November 27, 2009

How we know what isn’t so, by Thomas Gilovich

Posted in Behaviour at 07:27 by graham

By Thomas Gilovich, social psychologist and CSI Fellow, this well written book explains some of the reasoning and deduction errors we make when trying to understand the world, and ways to avoid making those errors.

This is an easy and engaging read, and offers several straightforward techniques to avoid making common reasoning errors. I recommend you look up How We Know What Isn’t So: The Fallibility of Human Reason in Everyday Life in your local library, or get it second-hand from Amazon for less than a posh cup of coffee.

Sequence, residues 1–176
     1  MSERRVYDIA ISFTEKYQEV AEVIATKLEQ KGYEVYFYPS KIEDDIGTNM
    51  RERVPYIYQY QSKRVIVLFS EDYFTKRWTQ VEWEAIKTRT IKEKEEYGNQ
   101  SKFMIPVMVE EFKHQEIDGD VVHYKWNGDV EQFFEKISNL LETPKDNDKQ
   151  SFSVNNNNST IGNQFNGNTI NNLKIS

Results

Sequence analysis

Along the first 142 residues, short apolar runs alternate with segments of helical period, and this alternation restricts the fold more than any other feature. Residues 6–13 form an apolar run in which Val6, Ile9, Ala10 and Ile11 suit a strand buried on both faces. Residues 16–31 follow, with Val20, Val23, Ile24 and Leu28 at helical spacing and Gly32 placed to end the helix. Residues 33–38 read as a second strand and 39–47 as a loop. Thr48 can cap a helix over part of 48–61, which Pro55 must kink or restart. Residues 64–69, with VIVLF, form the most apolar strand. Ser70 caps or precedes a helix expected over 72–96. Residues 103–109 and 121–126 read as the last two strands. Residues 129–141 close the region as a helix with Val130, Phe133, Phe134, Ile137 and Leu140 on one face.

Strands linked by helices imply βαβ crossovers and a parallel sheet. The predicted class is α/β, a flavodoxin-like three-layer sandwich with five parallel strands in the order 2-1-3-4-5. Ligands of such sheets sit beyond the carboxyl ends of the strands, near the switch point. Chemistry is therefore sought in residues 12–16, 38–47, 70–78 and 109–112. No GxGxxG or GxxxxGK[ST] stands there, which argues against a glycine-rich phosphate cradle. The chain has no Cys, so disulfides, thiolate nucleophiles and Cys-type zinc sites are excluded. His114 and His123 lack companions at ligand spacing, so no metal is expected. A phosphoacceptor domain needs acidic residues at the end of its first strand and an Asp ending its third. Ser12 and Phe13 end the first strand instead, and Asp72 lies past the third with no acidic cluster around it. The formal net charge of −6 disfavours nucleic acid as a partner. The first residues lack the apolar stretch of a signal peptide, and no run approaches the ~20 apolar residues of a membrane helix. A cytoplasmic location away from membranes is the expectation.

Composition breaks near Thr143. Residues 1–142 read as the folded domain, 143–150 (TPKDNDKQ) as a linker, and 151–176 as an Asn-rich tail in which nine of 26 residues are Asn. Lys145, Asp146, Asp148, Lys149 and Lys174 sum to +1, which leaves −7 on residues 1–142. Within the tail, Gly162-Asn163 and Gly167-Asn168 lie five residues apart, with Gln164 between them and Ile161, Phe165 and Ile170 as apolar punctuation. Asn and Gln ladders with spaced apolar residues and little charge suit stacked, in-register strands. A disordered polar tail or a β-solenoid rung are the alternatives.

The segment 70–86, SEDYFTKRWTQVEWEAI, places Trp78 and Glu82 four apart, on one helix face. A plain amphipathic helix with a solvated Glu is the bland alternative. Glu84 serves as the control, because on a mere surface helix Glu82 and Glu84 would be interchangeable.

These are my notes / summary of the book.


I. Cognitive determinants of belief

2. Something out of nothing: The mis-perception and misinterpretation of random data

We are predisposed to see order, pattern, and meaning in the world, and we find randomness, chaos, and meaninglessness unsatisfying. As a consequence we tend to ‘see’ order where there is none, and we spot meaningful patterns where only the vagrancies of chance are operating.

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